This man’s faith amazed Jesus. It amazes me. And I believe it stunned the people in Jesus’ audience that day, including His disciples. Even they would struggle believing the way this man did. They would doubt and struggle with faith over the next few years, even as they walked alongside Jesus and watched Him do miracle after miracle. And I can be guilty of the same thing in my life. The key to faith is humility and a recognition of need. Faith requires reliance and dependence. It is based on an inner assurance that Jesus can and will help. He has the power. He has the authority. He has the desire. He just needs to be asked.

Father, I want my faith to be amazing faith. I want my reliance on You to be complete, not partial. I want to turn to You and rely on You, faithfully. Give me amazing faith like the man in this story. Amen.

Ken Miller

Grow Pastor & Minister to Men

Proverbs 21

Leave the Results to God.

“The horse is prepared for the day of battle, but the victory belongs to the Lord.” – Proverbs 21:31 NLT

I come from the do-it-yourself generation. We are self-sufficient, independent free agents who don’t need anyone or anything in our lives. We have been trained to pick ourselves up by our own boot straps and deal with our problems on our own. We have been taught to gut it up and get it done. Even as believers we tend to have a lone wolf mentality that discounts our need for others, including God. Even our spiritual formation is our job. It is all up to us. And some of us have gotten really good at living the Christian life without God. But at the end of the day, we have got to learn that the victory belongs to the Lord. It is all up to Him. We cannot live the Christian life without His help or apart from His strength. Even all the pithy proverbs we have been reading are impossible to live out apart from Him. We can’t find wisdom without Him. We will never have understanding apart from Him. We will never really experience true success in life without God’s help. It is impossible to be godly without God.

So, do we have our role to play in all of this? Sure. Just as verse 31 says, you have to prepare the horse for battle. You have to get ready for what is headed your way, but you also have to recognize that the outcome is completely up to God. We cannot dictate or determine outcomes. Even our best efforts and careful planning cannot guarantee success. Only God can do that. We can’t do it ourselves. We can’t live the Christian life alone or on our own. A big part of living the Christian life is learning to trust God for the outcomes of life. We can do everything we know to do to raise godly kids, but we are completely incapable of raising godly kids. We don’t have what it takes to produce godliness in our children. Only God can do that. But we are to do our part. We are to raise them in the nurture and admonition of the Lord. Then we are to leave the results up to Him. We have to trust Him for the victory. We have to let Him fight our battles. We have to depend on Him, which requires that we stop trying so hard trying to be independent.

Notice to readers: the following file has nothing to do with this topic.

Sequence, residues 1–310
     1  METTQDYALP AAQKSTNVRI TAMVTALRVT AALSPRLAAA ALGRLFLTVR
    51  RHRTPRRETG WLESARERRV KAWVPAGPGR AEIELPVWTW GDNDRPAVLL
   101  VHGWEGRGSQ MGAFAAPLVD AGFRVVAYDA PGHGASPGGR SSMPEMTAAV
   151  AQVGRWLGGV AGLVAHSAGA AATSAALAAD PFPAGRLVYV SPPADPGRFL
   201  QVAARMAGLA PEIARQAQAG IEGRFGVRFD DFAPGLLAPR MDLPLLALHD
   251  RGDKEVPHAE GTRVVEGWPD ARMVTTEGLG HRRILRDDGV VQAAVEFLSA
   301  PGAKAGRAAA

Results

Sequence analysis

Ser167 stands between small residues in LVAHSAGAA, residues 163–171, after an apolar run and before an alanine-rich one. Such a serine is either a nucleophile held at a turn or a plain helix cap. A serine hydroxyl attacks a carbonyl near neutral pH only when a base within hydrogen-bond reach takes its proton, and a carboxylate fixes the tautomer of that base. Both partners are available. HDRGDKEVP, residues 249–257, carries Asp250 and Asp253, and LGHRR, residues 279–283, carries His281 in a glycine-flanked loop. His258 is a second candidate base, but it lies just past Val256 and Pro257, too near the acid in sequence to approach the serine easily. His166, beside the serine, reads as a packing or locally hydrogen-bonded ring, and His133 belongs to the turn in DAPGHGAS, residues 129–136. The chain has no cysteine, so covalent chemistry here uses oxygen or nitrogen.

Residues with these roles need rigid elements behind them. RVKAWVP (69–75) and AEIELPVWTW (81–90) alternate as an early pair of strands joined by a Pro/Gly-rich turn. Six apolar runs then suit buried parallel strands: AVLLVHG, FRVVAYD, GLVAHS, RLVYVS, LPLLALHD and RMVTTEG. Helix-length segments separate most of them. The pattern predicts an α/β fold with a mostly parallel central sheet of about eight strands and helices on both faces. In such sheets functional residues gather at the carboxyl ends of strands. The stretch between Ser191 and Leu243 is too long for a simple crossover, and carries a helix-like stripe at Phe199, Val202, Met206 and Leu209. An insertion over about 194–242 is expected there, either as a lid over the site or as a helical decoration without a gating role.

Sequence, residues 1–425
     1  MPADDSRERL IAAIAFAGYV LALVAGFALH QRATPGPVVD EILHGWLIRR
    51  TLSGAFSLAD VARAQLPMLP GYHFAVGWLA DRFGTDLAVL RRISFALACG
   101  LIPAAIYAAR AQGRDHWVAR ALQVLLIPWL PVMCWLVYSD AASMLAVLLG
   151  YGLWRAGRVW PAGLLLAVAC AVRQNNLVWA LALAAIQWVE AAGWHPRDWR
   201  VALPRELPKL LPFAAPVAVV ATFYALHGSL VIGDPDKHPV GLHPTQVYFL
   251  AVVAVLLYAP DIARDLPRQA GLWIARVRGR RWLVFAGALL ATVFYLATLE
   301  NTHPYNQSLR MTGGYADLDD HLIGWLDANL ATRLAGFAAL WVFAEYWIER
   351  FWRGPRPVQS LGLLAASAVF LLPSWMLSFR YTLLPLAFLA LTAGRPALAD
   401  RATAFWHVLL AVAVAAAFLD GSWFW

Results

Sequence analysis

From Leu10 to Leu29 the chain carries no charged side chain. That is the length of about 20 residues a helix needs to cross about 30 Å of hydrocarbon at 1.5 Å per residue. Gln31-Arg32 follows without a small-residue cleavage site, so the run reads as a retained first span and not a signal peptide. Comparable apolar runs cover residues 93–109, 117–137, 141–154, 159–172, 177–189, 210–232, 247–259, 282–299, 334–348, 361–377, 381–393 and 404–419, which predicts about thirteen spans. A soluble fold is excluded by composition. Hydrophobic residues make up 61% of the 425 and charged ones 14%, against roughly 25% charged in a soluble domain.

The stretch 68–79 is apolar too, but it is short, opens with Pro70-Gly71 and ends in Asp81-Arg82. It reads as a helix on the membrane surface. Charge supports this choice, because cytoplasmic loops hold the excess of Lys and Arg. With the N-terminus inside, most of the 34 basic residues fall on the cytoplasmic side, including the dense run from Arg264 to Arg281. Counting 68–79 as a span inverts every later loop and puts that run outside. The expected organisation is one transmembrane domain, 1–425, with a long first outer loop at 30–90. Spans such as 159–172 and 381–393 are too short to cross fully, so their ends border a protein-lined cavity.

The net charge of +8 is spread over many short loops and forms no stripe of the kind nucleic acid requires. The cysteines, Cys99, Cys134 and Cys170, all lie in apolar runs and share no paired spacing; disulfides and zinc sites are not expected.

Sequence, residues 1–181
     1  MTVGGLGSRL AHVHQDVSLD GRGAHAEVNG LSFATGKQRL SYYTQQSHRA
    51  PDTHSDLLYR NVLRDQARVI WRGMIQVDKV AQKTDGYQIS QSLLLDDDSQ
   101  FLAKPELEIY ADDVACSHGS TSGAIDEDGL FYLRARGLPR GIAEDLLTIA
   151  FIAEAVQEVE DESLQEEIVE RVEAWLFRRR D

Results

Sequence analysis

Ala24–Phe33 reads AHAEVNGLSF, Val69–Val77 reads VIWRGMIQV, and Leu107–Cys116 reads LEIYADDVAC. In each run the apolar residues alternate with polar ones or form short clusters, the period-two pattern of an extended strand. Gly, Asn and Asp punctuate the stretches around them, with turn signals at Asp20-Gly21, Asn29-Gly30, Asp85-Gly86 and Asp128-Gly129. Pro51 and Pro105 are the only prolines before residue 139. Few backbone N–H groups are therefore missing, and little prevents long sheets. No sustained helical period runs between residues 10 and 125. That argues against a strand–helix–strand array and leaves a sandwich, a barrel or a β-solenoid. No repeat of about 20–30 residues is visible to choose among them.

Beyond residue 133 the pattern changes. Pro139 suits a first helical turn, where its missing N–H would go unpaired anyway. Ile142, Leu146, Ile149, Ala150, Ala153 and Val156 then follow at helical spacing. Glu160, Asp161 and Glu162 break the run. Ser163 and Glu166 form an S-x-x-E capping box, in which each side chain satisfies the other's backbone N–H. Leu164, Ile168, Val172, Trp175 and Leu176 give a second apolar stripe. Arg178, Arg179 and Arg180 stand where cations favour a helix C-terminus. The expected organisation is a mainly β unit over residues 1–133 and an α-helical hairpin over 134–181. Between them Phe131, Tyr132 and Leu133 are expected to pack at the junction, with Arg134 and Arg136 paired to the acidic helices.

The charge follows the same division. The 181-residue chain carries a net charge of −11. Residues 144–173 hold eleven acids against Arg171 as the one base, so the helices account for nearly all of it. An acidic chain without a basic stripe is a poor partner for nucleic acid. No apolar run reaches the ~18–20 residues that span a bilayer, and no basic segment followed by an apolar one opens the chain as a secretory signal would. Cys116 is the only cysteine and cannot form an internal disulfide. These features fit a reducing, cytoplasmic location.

The victory is up to God. Do you believe that today or are you still trying to win your own battles in your own strength? God does not need your help. That doesn’t mean that God absolves you from all effort or involvement. You have your part to play and your job to do, but the outcome is always up to Him. Rest in that assurance. Prepare for battle knowing that He goes before you and will be behind you. The outcome is in His hands and it is assured.

Father, may I learn more and more that You have the battles of my life completely in control. I do not need to worry, fret, or grow anxious. I simply need to prepare myself for the battle, then watch You work. You will use me. You will allow me to play a part, but the outcome will be completely up to You. The results do not rest on my shoulders. Thank You. Amen.

Ken Miller

Grow Pastor & Minister to Men